#9 dancing the airport tango ::

In Argentina I discovered the Tango. Its quickstep and seduction, the passionate exchange of push and pull and its confident footwork. Unfortunately, the only tango I did in Argentina was in the airport when I tried to leave.  Like a committed partner, the city didn’t want to let me go.

Argentina was an unplanned and surprising destination. I’d been in Chile to celebrate 07/07/07 and arctic temperatures in the south dashed my Patagonian dreams. I decided to exchange the cold Chilean weather and go where the tango is hot, and hopped a last minute Air Canada flight between Santiago and B.A.  (Why a Canadian airline flies this route is puzzling, but Star Alliance and Canadians both make good dance partners)
I envy the travelers who linger in the barrios of Buenos Aires to master the art of the dance. While I wish I could say I was one of them, I was seduced by the border of Uruguay just across the river, and hung up my tango shoes for a few days to explore a few days in Montevideo.
Montevideo and Buenos Aires are vibrant cities, and my quick step through both of them certainly did neither of them justice.
Because I’d unwisely packed in so much and had ventured so far from my point of origin, on my day of departure, I faced a Herculean itinerary to get myself home. Four connecting flights on three airlines through five airports in four countries in one day: MVD-AEP-EZE-SCL-ATL-DCA. My dance card was full, and I knew that a single mis-step would trip up my entire day.
I arrived at the Montevideo airport only to find that my first flight had already been cancelled, and the rest of the flights for the morning on my airline were full. Whether it was my quick step or mere look of desperation, I’ll never know but after a half hour of twists and turns, I had a boarding pass on a different airline.
While it isn’t typical tango to be tossed around between partners, this became the dance for the day.
The partner switch put me an hour later arriving into BA. I disembarked and picked up my tempo in hopes the that I wouldn’t miss the next flight onward to Santiago to catch my SCL-ATL-DCA legs. After catching a taxi between airports and arriving in just the nick of time, I was surprised to find a queue of at least 100 people and the news that my Air Canada connection was snowed in, in Mendoza.
Because impatience is one of my best travel virtues, I went to explore my options. Delta refused to change my mileage flight, or transfer me to their direct flight out of BA. Their helpful advice was that I’d have to stay another 10 days to get a seat if I missed my connection. While 10 days would have given me more time to learn the real Tango, I didn’t have it to spare.
Time passed and my options waned, so I decided to take the lead and call the steps. I marched up to the first class desk to re-coreograph my routing. (I didn’t have a first class ticket of course, but sometimes a look of desperation and persistance is worth its weight in upgrades). While carefully, and desperately, planning my next steps news arrived that the plane had been de-iced and was on its way. With a slim chance I was actually going to make it, I took my boarding card.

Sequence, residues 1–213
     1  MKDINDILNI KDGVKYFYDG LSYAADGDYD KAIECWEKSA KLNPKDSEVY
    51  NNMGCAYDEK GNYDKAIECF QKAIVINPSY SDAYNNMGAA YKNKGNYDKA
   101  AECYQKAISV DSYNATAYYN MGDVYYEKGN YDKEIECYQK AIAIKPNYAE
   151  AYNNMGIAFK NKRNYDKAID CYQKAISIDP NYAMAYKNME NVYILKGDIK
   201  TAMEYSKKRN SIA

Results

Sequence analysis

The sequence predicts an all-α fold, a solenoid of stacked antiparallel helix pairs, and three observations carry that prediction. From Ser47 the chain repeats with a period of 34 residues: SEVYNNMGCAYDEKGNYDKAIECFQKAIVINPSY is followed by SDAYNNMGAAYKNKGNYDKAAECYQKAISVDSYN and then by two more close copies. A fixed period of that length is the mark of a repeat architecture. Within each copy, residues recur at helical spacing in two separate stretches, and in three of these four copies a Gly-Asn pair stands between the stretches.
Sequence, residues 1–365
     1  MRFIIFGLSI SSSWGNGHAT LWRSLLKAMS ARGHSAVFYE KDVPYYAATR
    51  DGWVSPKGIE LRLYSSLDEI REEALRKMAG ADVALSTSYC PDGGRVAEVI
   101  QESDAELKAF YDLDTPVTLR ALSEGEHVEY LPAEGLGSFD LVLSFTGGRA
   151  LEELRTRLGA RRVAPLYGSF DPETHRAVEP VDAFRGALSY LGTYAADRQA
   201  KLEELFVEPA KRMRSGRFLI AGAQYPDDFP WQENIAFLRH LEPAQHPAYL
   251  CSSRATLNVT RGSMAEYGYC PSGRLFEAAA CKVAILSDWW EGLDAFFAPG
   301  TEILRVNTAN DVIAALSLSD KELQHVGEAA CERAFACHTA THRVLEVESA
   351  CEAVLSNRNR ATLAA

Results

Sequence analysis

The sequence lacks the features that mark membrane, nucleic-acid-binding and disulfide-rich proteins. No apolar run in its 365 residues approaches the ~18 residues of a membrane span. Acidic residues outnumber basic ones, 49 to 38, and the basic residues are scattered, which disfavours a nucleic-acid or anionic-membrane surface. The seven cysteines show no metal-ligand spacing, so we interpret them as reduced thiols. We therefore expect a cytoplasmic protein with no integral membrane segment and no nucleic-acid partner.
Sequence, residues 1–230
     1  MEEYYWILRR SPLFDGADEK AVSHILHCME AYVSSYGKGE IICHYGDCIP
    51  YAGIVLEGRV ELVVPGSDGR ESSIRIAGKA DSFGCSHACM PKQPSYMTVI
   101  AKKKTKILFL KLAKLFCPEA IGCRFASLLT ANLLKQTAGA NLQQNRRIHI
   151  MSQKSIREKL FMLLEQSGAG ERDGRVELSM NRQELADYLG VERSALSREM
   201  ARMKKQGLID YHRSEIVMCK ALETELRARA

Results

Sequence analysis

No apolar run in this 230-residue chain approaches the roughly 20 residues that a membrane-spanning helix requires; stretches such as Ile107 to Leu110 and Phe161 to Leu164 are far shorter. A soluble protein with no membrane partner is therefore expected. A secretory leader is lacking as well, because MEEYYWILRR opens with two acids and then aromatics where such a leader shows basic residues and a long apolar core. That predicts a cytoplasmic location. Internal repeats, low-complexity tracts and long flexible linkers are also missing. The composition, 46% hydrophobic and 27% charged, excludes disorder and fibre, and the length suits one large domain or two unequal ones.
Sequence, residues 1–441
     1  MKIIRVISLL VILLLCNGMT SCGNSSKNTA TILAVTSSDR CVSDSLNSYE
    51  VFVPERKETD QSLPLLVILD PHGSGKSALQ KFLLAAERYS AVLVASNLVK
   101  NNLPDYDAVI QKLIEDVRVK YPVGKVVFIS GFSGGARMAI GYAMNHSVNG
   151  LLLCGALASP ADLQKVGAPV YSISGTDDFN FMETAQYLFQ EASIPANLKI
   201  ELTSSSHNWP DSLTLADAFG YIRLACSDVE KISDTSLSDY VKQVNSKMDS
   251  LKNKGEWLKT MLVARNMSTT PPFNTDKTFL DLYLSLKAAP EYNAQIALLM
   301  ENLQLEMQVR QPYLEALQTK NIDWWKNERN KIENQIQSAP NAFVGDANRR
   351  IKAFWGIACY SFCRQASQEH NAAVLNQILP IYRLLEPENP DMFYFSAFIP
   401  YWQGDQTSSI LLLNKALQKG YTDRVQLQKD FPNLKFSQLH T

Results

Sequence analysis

Wary of further changes, I waited until the very last minute to pass through immigration, and hurried to my gate. And of course, just as I arrived, my flight was delayed again. With no Air Canada gate agent, no one at all willing to help me, and no way back to the departure counter since I’d officially left Argentina, I began to wander the terminal to devise another plan.
I spotted United’s Carpet Lounge, and marched my way in despite having no United status or United ticket, remembering the rule that confidence is nearly as important in dancing as knowing the moves. I politely explained that they needed to help me, because they were an Air Canada partner, and the Canadian’s in Argentina were the one’s tripping up my day.
The older man sitting behind the counter kindly refused my request to actually enter the lounge, but surprised me with his willingness to help. “Leave your boarding pass and come back in 45 minutes” were his exact words. I had nothing to lose, besides my ability to buy Argentian Malbec while I waited (no boarding pass = no duty free).
One hour later, after another long song and dance, I was holding a hand-written boarding pass for a United flight direct to Washington Dulles. The flight not only completely bypassed Chile and Atlanta, and got me home six hours earlier, but I also scored a premium economy seat an a vegetarian meal.
Safe at home following two flights on two airlines that I didn’t have tickets to travel with. Who says travel isn’t as exciting as Tango?
The lesson is this:  No matter how much travel twirls you around, dips you when you aren’t expecting it, or steps on your toes, you’ll still put your shoes back on and dance again.
Where will you tango next?

One Response to #9 dancing the airport tango ::

  1. Hunter Risk says:

    My nex travel trip would be to florida. I waited and worked 4 month for flying to florida, so i hope my family truly enjoy this holiday. I would adore to have the chance for the same travel experience like yours. When i was young i believed i’d buy a home because i couldn´t remain around the same place for long time.

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